Some manner of training the body to identify which Sichen was dominate at any hour of the day. Probably by total training of some sort, to sensitize the practioners system to the time.

As you can see this becomes complex to discuss, and I expect complex to study.

But perhaps this was how things were originally done in China. One can imagine guards at a Shaolin temple changing their reactive strikes every two hours when the gong sounds. [Probably a movie in that, no? <grin>[

But would our Okinawan instructor, who believes the Bubushi is correct go to that level? Difficult to say. Or would he rely on memory and judgement to try and hit an appropriate vital point in defense?

Some things to consider:
1) Who would you train in such an art? Most certainly not your open students. The Okinawan must have felt the need to maintain the secrecy of this knowledge, both to avoid betrayal and to stop someone misusing this knowledge.
2) Its possible you would keep this to yourself, and perhaps share it with your successor, and perhaps not.
3) If the successor did not receive their instructors training, but did end up with the Bubushi, the cycle of study begins anew.

One thing I feel, such training would leave unique training patterns, especially the manner in which the student was sensitized to know the hour of the day. To my small knowledge, I haven't seen evidence of such work in Okainawan Te. [Not that it might be practiced, just I haven't seen any signs of this.]

To no small intent I'm starting to move into the Babble complex. I sit surrounded by 2 copies of the Bubushi, Dr. Yang's 36 points from his first Chin Na text, the 12 hour striking points in Leung Shum's Eagle Claw Kung-fu Classical Northern Chinese Fist, as well as Montague's Encyclopedia of Dim Mak, and assorted other texts on Dim Mak, PaGua and Funakoshi's Karate Do Koyan to name a few.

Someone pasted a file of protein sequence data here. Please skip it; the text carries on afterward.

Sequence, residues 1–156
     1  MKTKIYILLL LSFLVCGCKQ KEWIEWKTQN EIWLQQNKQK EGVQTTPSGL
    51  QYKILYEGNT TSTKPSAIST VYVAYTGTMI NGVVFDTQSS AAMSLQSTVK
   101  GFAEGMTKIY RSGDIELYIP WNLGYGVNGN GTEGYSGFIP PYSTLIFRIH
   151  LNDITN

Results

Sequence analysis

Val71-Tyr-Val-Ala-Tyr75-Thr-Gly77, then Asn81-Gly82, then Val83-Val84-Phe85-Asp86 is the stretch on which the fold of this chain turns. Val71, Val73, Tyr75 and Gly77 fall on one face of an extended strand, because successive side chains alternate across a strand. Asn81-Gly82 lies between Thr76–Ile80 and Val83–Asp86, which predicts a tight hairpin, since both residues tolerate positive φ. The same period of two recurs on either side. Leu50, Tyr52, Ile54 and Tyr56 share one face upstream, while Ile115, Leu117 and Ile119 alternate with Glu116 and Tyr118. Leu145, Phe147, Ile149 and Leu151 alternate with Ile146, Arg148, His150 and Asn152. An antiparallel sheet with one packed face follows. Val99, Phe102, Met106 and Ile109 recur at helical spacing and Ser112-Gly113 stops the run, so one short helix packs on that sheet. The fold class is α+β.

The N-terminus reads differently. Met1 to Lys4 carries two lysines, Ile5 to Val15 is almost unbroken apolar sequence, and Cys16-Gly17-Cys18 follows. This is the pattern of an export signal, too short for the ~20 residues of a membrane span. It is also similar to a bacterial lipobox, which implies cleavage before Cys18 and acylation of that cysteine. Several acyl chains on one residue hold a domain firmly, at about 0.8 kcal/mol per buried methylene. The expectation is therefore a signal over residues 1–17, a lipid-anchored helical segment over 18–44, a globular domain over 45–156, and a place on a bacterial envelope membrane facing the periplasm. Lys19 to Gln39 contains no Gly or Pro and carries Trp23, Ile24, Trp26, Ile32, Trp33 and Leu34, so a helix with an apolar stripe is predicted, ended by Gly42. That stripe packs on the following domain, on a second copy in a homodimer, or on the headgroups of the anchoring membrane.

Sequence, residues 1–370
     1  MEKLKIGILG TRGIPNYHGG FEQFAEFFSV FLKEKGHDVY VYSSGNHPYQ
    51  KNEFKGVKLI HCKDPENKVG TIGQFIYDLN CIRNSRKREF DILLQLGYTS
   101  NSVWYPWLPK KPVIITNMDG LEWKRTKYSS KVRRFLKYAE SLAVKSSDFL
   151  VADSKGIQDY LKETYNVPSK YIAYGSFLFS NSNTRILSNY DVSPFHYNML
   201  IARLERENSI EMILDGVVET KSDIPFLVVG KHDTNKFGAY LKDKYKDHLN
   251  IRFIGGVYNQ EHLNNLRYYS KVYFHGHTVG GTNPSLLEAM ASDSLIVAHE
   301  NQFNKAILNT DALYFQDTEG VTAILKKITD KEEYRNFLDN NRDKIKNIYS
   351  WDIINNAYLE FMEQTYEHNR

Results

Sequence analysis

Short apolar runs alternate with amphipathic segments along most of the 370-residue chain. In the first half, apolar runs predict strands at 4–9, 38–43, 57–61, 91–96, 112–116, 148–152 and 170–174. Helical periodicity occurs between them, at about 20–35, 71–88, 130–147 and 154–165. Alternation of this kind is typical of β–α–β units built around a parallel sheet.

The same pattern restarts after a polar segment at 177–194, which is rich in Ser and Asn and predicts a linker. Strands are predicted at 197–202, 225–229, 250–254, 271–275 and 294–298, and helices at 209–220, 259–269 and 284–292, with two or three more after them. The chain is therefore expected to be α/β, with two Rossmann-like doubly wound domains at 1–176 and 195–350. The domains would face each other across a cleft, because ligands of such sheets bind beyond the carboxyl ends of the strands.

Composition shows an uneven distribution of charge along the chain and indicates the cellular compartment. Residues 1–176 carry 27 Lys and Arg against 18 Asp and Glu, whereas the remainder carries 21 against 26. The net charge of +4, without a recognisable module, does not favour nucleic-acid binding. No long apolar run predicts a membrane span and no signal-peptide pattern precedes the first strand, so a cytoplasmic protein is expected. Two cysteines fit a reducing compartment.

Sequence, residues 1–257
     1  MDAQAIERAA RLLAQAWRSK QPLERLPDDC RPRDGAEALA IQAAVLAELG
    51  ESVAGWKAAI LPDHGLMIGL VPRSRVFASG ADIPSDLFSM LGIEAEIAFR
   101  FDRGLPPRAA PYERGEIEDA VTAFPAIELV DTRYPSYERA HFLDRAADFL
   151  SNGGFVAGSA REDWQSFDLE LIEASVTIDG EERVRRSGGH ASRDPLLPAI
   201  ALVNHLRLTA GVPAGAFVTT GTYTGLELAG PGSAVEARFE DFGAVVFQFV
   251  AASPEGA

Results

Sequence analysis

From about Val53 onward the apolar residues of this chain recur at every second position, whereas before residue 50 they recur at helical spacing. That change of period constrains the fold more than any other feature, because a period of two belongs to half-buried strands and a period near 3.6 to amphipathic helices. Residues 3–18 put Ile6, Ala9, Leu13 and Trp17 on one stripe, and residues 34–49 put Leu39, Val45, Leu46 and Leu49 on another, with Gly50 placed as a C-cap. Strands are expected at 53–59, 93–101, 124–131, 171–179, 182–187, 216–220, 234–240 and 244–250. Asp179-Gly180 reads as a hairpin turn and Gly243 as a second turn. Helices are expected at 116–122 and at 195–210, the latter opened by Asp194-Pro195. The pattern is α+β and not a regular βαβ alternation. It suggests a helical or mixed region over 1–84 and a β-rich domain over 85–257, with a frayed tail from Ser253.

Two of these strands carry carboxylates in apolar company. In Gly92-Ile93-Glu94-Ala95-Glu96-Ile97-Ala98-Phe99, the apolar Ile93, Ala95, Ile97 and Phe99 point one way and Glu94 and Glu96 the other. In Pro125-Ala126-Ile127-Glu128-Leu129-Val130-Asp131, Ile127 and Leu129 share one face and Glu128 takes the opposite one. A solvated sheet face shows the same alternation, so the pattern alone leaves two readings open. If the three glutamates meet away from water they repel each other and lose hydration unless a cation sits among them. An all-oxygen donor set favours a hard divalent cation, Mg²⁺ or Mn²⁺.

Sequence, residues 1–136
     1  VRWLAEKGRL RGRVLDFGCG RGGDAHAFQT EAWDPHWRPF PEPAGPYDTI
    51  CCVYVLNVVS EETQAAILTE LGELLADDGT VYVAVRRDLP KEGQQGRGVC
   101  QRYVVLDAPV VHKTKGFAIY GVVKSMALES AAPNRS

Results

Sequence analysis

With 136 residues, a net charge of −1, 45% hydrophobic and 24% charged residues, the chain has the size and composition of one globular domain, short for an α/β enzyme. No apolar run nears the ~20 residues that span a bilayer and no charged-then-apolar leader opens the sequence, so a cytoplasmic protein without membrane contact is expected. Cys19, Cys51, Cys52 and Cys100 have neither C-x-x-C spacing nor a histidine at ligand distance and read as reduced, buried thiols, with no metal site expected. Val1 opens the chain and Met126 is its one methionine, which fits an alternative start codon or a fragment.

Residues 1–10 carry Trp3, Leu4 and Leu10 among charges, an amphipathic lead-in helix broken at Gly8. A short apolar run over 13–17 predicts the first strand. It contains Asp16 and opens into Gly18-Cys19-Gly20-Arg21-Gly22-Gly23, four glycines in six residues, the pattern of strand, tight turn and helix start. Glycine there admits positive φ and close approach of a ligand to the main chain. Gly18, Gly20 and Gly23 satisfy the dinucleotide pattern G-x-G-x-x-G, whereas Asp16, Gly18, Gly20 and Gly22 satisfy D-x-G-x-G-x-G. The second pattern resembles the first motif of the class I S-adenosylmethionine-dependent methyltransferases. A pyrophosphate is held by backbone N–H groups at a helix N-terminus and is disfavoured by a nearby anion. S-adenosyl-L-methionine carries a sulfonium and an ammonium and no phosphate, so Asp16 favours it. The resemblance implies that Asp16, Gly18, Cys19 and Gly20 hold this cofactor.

I'm sure if you attack me in several hours I can figure out where to strike. <grin> But of course the Okinawan I've been describing didn't have such problems, with only one text.

To close, let me throw out some Material from Pat McCarthy's Bubushi text.

McCarthy lists the Sichen in his edition of the Bubushi as: [I'm also adding his Meridian Points]

11pm to 1 am
Death in One Day
GB 3

1 am to 3 am
Death within 14 Days
3 am to 5 am
Death within 20 Days

5 am to 7 am
Death in One Day

7 am to 9 am
Death in 7 steps


9 am to 11 am 
Death in 3 Years 

11 am to 1 pm
Indefinite Paralysis 

1 pm to 3 pm 
Death in 1 Year 

3 pm to 5 pm
Death within 2 weeks 

5 pm to 7 pm
Death within 2 days 


7 pm to 9 pm
Death within 3 days 


9-pm to 11 pm
Death within 1 week 

[Article 9 refers to 12 vital points (one per Sichen)]

[Article 12 shows 31 vital points (but GV22 is on the 7 restricted locations leaving 30 (1 of which must
not be on the vital points listing- but I'm not doing the research at this time..)

Also to consider that 7 of the 36 points are considered the 7 Restricted Locations. As they would be used in only tbe most extreme circumstances, that leaves only 29 to concentrate on.

And to leave this on a positive note, If you're struck during the Dragon Hours (isn't this important for Isshinryu?) with death in 7 steps, there is an antidote. 

McCarthy Article 19: Effective "Twelve-Hour Herbal" Perscriptions to Improve Blood Circulation for Shichen Related Injuries. (page 92)

Dragon Time(7-9 a.m.) Medicine

1. Malted nonglutinous rice, 1 scoop
2. Malted rice, 1 scoop
3. Young Prunus persica (L.) Batsch. (Rosaceae) 15.60 grams
4. Eriobotrya japonica Lindl. (Rosaceae) 6.24 grams
5. Carthamus tinctorius L. (Compositae) 6.24 grams
Decoct in rice wine, strian, and drink.

I suppose I should add, drink this very, very quickly.

PS. If you think I'm sounding confused, I've spent the last 4 days trying to make this sound comprehensible.

No comments: